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A city block just behind the industrial waterfront in Chelsea is typical for urban heat islands across the U.S. Nearly every foot is covered by a roof or pavement. There’s a Boys & Girls Club at one end and a vacant lot at the other. Ten multi-family buildings with parking lots for backyards fill out the middle. A few weeks ago, there were just five small trees.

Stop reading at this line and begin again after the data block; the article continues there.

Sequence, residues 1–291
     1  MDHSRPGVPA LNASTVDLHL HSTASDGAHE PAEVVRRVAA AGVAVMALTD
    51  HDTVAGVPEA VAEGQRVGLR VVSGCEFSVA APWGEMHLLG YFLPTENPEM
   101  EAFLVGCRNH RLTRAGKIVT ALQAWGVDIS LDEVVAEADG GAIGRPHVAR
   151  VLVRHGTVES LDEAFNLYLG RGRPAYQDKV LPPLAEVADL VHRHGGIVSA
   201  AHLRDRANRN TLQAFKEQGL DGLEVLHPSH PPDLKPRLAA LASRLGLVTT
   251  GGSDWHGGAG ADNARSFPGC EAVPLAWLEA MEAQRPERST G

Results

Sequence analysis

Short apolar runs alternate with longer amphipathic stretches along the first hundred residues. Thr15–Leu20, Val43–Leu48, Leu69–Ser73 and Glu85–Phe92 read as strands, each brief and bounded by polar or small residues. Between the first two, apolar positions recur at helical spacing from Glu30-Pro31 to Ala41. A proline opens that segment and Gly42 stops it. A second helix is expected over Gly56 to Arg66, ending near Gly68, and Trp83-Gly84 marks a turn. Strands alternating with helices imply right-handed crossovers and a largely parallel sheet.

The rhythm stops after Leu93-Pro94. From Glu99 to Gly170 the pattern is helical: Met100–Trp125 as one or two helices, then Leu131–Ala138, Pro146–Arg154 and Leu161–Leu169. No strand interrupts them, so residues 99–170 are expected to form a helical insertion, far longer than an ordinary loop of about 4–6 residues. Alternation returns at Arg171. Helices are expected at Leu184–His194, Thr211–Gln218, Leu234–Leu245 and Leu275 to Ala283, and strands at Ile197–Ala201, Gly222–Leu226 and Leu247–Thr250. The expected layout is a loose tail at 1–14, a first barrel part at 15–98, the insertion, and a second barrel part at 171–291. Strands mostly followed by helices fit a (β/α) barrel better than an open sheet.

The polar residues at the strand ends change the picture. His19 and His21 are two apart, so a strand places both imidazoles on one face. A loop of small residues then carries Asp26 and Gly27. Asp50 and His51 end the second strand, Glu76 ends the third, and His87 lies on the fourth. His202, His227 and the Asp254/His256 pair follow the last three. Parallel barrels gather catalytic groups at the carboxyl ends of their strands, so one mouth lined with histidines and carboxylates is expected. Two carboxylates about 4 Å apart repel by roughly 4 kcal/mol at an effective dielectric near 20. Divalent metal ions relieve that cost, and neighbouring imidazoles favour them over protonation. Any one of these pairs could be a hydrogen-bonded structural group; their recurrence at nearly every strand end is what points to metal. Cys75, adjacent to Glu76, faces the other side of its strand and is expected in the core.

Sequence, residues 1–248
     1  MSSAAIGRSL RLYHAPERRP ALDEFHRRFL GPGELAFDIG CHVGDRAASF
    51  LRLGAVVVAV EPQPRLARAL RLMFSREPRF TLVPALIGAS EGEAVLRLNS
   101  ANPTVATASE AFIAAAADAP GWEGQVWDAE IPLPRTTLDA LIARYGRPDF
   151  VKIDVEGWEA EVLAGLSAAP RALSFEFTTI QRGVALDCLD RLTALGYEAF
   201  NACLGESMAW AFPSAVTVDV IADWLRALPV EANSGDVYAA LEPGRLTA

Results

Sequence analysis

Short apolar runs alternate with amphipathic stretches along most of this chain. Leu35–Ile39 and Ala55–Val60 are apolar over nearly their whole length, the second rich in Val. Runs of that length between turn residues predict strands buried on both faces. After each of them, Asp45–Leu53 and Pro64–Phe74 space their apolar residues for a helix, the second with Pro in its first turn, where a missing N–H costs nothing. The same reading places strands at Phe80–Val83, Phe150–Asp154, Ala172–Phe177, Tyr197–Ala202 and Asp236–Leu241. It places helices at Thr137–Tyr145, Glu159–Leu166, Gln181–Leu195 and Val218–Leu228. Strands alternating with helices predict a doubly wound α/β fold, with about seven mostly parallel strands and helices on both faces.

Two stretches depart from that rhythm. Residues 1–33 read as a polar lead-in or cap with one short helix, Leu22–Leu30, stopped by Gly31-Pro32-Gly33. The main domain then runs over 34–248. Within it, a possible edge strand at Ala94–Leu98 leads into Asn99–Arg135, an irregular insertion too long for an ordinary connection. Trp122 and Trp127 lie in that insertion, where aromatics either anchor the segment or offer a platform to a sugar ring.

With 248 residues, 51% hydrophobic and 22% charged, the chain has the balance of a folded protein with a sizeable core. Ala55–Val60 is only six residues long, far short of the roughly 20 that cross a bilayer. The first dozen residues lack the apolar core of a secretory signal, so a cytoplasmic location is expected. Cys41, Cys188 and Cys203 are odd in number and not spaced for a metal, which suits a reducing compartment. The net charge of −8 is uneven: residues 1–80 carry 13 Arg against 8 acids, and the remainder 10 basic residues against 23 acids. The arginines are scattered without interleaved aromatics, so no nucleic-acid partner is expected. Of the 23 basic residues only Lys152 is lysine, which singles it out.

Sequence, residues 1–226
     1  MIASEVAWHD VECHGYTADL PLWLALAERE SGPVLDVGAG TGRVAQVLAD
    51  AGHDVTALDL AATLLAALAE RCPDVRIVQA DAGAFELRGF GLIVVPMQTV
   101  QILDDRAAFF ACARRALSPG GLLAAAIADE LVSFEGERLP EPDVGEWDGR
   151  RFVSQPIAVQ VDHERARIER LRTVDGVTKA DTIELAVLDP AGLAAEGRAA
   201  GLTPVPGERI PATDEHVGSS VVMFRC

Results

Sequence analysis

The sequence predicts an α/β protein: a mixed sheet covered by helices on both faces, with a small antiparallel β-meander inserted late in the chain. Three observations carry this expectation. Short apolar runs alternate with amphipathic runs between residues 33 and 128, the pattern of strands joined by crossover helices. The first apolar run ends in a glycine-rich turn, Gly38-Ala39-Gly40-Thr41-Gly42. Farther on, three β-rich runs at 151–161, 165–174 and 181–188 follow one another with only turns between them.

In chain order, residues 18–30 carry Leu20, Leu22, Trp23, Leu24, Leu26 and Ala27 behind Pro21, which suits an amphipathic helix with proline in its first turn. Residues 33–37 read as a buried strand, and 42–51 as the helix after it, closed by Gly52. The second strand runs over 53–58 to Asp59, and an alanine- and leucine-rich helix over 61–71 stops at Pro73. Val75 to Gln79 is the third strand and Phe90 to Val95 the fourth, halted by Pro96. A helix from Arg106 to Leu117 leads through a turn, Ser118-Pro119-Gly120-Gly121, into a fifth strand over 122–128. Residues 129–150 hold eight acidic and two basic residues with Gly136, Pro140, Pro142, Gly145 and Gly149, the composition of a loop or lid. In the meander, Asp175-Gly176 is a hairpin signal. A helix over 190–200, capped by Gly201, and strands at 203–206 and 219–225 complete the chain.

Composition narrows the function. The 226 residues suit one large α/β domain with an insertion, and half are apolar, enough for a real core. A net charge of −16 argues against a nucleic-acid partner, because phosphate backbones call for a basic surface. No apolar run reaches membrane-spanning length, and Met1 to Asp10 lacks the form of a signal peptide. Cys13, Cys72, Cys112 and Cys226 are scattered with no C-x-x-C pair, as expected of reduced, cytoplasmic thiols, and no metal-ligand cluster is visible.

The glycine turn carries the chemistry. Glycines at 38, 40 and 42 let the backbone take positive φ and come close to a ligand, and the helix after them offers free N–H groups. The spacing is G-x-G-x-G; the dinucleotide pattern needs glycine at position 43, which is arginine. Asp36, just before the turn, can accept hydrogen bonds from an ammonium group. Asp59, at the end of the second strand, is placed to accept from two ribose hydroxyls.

But this nondescript slice of the state’s smallest city is worth watching. It may become a template as municipalities struggle with longer, more intense warm seasons and heat waves.